Recommendations for winter reading

With the weather we’ve been experiencing these past weeks, our library patrons have started to exhibit some concerning symptoms consistent with the cold and harsh winter days. We are hearing “I need to read” and “I cannot be without a book” and “the kids are sick of being stuck indoors with nothing to do” and therefore, we have confidently diagnosed “cabin fever” and the “winter blues.” However, there is nothing to worry about; the doctors are in! Your WPL librarians have the cure for all of your winter ailments.

In the children’s department Jo is recommending Giraffe Problems by Jory John to the little ones. It is the story of Edward who feels his neck is too necky. He takes you on a funny journey of trying to hide and disguise his neck. It isn’t until he meets Cyrus, who has neck problems of his own, that Edward realizes how wonderful his long neck is. Won’t your family feel a whole lot better after sharing this book at bedtime?

For the upper elementary, Jenisa has been prescribing The Genius Files: Mission Unstoppable by Dan Gutman. Coke and Pepsi McDonald didn’t want to jump off a cliff, get hit by poisoned darts from blowguns, get locked in their burning school, thrown into a pit at the top of a sand dune, or drowned in a vat of liquefied SPAM. But what are you supposed to do when you’re being chased across the country? If you want to join in the fun, fire up Google Maps and follow the McDonald twins as they get chased from the Pez museum to the largest ball of twine in the world. This is one great remedy for all those kids stuck at home.

Our director Bryna is suggesting that kids and adults alike return to the classic Gary Paulsen book Hatchet to restore their well-being. In this novel 13-year-old Brian Robeson crash-lands into the Canadian wilderness with only a hatchet and his wits as tools. Paulsen’s own experiences as an Iditarod musher and adventurist enriches Brian’s challenges and creative solutions. Any reader will learn new life skills by living through Brian’s 54 days in the harsh wilderness and feel grateful for their warm bed every night.

The teens’ winter blues should be alleviated with Howl’s Moving Castle by Diana Wynne Jones according to our young adult librarian Kayla. In this classic fantasy, Sophie lived in a land in which anything could happen. As her younger sisters set out to seek their fortunes, Sophie stayed in her father’s hat shop which proved most unadventurous, until the Witch of the Waste came in to buy a bonnet, but was not pleased so turned Sophie into an old lady. Now Sophie must seek her own fortune by striking a bargain with the lecherous Wizard Howl who lives in his ever-moving castle, taming a blue fire-demon, and meeting the Witch of the Waste head-on.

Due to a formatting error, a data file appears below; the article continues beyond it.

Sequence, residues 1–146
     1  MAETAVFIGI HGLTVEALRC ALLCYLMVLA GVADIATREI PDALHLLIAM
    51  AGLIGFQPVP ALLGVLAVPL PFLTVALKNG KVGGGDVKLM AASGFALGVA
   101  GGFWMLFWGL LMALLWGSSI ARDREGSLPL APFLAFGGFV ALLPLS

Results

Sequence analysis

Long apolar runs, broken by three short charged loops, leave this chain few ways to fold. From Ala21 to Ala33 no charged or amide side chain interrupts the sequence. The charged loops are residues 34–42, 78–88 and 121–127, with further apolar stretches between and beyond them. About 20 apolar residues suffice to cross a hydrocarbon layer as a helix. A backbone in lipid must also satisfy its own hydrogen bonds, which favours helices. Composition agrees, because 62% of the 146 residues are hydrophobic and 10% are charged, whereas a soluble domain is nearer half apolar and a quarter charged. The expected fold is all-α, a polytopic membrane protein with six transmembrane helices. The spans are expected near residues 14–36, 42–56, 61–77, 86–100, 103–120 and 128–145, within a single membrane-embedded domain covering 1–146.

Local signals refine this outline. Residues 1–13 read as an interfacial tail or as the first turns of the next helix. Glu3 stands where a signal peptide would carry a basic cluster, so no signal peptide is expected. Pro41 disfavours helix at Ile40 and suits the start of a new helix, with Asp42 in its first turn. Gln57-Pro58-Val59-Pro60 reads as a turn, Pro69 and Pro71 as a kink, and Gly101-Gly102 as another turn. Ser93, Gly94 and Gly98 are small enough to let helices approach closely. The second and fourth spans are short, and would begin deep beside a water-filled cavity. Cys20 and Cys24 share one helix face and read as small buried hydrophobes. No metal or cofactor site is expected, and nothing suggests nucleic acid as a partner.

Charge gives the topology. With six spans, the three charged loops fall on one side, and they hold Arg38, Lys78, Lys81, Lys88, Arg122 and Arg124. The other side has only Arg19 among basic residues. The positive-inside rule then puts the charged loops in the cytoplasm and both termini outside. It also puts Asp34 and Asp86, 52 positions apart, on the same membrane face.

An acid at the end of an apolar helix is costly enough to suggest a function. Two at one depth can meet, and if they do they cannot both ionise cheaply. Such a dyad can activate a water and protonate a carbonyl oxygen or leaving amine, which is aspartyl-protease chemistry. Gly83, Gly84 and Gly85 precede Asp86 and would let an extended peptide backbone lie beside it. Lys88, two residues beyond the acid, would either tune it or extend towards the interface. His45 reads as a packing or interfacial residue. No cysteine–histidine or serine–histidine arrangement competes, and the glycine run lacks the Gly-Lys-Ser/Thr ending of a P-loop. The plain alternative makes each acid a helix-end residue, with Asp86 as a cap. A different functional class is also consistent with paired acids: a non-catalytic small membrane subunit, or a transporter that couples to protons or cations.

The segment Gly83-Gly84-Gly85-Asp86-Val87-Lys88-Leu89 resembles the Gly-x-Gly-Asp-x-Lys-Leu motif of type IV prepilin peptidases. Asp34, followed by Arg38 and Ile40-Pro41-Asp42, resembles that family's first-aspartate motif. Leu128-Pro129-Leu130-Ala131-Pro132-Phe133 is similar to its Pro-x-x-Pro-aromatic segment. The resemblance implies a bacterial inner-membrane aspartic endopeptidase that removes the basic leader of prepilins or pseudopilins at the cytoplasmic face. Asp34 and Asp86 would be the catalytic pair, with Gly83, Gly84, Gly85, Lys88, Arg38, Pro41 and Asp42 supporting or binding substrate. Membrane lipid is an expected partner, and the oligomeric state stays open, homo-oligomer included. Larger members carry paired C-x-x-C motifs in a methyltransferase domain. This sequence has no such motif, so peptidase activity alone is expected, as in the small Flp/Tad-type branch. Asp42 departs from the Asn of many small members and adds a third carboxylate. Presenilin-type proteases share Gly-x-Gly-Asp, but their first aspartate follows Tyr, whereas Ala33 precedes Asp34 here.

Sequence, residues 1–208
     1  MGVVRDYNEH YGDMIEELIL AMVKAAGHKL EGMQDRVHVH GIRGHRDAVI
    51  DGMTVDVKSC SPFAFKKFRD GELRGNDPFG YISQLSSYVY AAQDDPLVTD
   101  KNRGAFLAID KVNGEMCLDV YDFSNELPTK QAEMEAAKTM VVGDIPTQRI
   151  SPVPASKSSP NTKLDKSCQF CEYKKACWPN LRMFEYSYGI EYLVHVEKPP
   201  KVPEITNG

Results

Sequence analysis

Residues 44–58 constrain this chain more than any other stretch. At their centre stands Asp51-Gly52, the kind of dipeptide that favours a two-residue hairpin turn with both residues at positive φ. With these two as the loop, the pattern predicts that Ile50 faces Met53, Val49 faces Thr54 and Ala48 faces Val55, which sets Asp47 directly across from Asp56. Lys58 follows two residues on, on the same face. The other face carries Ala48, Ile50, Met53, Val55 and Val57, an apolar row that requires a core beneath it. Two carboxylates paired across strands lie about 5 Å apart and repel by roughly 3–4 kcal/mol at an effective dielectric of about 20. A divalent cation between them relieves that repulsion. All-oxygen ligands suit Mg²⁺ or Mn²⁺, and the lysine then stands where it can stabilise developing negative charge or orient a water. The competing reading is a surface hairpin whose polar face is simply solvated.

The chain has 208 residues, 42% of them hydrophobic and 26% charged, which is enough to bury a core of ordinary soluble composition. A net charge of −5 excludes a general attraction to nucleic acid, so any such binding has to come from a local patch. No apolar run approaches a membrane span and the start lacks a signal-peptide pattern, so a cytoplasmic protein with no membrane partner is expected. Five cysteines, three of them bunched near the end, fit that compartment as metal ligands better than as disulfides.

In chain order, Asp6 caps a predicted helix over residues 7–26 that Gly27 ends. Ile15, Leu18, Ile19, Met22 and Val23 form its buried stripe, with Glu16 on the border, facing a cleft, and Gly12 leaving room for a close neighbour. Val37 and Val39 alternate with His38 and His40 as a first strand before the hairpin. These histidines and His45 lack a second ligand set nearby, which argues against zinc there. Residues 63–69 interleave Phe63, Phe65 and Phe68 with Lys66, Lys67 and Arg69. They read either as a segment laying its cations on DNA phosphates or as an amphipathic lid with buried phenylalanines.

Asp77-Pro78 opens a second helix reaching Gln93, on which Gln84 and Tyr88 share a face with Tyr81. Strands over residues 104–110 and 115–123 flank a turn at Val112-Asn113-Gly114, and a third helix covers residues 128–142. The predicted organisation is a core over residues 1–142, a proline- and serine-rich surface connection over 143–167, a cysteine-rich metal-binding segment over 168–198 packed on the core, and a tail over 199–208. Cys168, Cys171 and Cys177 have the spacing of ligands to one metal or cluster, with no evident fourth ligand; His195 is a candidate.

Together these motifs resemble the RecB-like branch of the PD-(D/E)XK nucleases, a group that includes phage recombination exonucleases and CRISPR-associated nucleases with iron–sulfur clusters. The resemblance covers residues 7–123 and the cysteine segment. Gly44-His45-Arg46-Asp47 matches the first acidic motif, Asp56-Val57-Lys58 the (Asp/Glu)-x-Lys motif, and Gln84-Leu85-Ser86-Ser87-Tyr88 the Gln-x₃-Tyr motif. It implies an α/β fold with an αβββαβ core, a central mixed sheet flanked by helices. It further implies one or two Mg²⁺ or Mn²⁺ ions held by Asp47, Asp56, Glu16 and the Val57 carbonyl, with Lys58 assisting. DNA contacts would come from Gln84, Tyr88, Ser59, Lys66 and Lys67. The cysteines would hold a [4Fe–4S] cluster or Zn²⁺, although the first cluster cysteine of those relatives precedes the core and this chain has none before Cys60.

A classic fantasy, Howl’s Moving Castle takes familiar story line and gives it a new twist in a relaxed and winding story. For anyone looking to frolic through a book, this is the one.

For adults Allie is suggesting you escape across the pond with the quirky mystery, Midnight Riot by Ben Aaronovitch. Peter Grant dreams of being a detective in London’s Metropolitan Police but his superior plans to assign him to the Case Progression Unit. Luckily for Peter his prospects change he gains exclusive information from a ghost. As a wave of murders engulfs the city, Peter is plunged into a world where gods and goddesses mingle with mortals.

For a bad case of cabin fever I would like to endorse the riveting memoir of Tara Westover titled Educated. This is the life story of Westover who, instead of going to school, grew up learning how to stew herbs into medicine, scavenge in the family scrap yard and help her family prepare for the apocalypse. She had no birth certificate and no medical records. Over time Tara’s curiosity about the world made her realize that her family’s way of life did not have to be her only path. Her first day at college was her first day in school ever and after that she never turned back. Tara won an esteemed fellowship from Cambridge and graduated with a Ph.D. in intellectual history and political thought. I found myself reading far into the winter night.

So stop by the library to get your prescription for this winter malaise. We aim to make you feel better.

New Materials At the Library

Gifts & Memorials

Paint Lab For Kids by Stephanie Corfee, Art For Kids Drawing by Kathryn Temple, Art Lab For Little Kids by Susan Schwake, Art For Kids Drawing by Kathryn Temple, Children’s Book of Art given in memory of Dorothy Johnson by her family & friends

Adult Fiction

Mending Fences by Suzanne Woods Fisher

The Wedding Guest by Jonathan Kellerman

Warlight by Michael Ondaatje

Connections in Death by J.D. Robb

Large Print Fiction

The Best of Us by Robyn Carr

Legion of Fire by William W. Johnstone

A Reason To Die by William W. Johnstone

Return to Vengeance Creek by Robert J. Randisi

Adult non-fiction

The Formula by Albert-Laszlo, Barabasi

The Minimalist Home by Joshua Becker

Craftfulness by Rosemary Davidson

Faerie Knitting by Alice Hoffman

Cross-Stitch To Calm by Leah Lintz

Sewn Animal Heads by Vanesa Mooncie

The Instant Pot Bible by Bruce Weinstein

Easy Children’s

The Wall in the Middle of the Book by Jon Agee

Perfect by Max Amato

Snakes on a Train by Kathryn Dennis

I’m Afraid Your Teddy is in Trouble Today by Jancee Dunn

Just Add Glitter by Angela DiTerlizzi

Sophie Johnson, Unicorn Expert by Morag Hood

Chicken Talk by Patricia MacLachlan

Mary McScary by R.L. Stine